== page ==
I love it when a simple event turns into more than one might expect.
In this case it was a flat tire.
As they pulled our truck onto the lift I walked out the service bay door. An elderly woman was standing on the sidewalk. I noticed her bright and beautiful eyes immediately. We struck up a conversation that flowed like we had known each other all of our lives. It did not take long for her to tell me that she was 87 years old.
Mrs. Reed and her husband owned the service station. 50-something years ago she pumped the gas, and she also included an oil level check, tire pressure check, and windshield washer fluid top-off with gasoline fill-up’s. Do you also remember those days?
Our conversation led me to think about small business, and how relationships with our clients, our customers, and our business comrades are all so important. We want to provide service to the best of our ability, in a friendly human manner, just like the full-service stations did many years ago. Our conversation also led me to think about life in general. How it isn’t about our every-day grind, nor a “me, me, me” world, it really is all about our relationships with people.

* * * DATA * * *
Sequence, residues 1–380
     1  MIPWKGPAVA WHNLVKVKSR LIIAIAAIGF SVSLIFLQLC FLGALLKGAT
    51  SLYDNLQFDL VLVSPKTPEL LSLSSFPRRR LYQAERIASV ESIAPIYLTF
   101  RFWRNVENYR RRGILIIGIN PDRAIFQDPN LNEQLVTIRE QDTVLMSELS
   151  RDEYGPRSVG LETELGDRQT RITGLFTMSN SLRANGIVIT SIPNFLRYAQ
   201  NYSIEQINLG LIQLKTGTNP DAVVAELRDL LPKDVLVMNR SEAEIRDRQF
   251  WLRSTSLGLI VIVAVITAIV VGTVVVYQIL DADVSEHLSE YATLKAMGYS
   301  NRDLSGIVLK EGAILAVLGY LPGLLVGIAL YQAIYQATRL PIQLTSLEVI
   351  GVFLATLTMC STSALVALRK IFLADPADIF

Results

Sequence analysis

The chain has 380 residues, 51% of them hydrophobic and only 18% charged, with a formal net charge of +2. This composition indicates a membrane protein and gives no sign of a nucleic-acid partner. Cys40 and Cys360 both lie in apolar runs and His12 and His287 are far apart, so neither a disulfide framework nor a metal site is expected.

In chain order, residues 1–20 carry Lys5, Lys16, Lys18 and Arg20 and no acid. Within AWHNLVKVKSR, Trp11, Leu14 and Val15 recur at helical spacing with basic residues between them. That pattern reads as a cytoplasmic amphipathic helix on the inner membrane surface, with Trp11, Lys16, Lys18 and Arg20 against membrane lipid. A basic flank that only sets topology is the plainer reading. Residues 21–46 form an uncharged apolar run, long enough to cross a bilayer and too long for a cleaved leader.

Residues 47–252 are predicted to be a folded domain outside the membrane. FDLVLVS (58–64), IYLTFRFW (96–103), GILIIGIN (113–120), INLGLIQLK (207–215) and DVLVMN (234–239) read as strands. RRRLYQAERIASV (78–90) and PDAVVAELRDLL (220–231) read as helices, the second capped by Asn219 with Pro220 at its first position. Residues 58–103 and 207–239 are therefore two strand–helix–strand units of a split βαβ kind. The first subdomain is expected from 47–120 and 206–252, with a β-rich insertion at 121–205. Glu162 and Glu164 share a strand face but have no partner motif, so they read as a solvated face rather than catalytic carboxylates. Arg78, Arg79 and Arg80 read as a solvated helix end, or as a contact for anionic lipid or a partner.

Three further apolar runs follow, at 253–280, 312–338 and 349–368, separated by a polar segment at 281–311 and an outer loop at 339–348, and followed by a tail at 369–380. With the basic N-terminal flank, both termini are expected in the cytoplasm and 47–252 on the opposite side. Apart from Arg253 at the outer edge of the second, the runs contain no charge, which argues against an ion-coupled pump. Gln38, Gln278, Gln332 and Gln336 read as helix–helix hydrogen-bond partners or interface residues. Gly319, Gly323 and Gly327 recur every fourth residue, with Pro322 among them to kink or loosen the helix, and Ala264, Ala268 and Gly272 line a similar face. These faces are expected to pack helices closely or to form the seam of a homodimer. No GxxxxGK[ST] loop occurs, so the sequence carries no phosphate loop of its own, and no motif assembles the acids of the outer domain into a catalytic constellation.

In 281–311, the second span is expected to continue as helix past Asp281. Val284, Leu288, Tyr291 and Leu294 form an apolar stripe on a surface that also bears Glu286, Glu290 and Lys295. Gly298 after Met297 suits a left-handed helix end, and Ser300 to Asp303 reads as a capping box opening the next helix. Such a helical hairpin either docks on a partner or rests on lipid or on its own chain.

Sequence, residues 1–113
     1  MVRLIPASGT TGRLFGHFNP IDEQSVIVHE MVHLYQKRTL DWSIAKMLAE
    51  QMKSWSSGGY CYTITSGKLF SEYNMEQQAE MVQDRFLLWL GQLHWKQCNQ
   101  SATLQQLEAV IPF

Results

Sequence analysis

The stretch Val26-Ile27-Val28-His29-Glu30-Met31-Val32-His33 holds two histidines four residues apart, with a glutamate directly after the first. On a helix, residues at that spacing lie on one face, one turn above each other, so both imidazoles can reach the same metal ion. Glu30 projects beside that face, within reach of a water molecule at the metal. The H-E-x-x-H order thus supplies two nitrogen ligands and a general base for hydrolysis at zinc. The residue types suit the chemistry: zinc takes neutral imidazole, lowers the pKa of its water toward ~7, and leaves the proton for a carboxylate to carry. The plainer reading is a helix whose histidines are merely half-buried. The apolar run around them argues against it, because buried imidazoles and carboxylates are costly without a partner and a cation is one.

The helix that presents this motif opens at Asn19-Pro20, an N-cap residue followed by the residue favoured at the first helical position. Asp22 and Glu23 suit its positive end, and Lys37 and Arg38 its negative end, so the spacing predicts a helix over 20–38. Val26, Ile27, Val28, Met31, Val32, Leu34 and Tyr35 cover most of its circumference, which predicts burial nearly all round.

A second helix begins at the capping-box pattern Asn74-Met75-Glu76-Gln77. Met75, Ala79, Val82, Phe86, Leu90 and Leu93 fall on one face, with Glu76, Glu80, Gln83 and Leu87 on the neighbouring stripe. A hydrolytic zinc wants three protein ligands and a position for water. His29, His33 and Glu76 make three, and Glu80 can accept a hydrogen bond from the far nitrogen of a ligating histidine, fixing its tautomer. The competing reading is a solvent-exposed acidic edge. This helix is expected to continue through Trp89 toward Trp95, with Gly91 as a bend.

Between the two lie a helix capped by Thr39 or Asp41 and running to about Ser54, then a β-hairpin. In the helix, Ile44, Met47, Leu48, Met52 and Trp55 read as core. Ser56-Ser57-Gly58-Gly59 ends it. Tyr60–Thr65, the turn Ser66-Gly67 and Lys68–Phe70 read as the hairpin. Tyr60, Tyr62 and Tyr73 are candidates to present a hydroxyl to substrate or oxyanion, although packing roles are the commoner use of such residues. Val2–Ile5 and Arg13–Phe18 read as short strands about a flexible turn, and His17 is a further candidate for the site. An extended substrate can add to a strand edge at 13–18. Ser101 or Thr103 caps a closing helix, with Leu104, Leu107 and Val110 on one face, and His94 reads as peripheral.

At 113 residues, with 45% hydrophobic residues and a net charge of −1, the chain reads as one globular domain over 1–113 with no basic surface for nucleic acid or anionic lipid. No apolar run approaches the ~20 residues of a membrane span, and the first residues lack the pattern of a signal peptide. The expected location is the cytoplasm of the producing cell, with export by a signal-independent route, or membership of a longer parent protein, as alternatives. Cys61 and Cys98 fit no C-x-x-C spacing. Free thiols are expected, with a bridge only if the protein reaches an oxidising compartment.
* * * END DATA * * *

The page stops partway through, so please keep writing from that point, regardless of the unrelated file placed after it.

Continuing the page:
Mrs. Reed went on to tell me about her 35 grandchildren and great-grandchildren, and the various remarkable professions and lives that they live.
All of this time I kept thinking, “How does she do it?” She is so full of life. So bright, seemingly without a care in the world.
I never had to ask her that question, she volunteered a simple answer, “You never stop.”
You never stop. You do not listen to the voice that says you cannot do it. You do it. You make it happen. When you stop you accept defeat, both physically and mentally.
Our conversation was lengthy, the details are not included here (for your sake), but I must say, as we parted ways I told her, “You have inspired me!” She held those tiny beautiful wrinkled hands behind her head, wriggled her fingers, as if to say, “Phooey!” But the grin and eyes told me differently, they were encouraging.
We can learn a lot from our elders.
I will always remember those words, “You never stop.” You rest momentarily. Then you get back up and make your world what you intend it to be.
I guess I am not so nuts when I tell my husband, and other people, that I intend to be milking goats, actively, when I am 80 years old. When someone says to me (they already do), “I do not know how you do it,” I say, “I just do it. All of it. It is what I want to do!”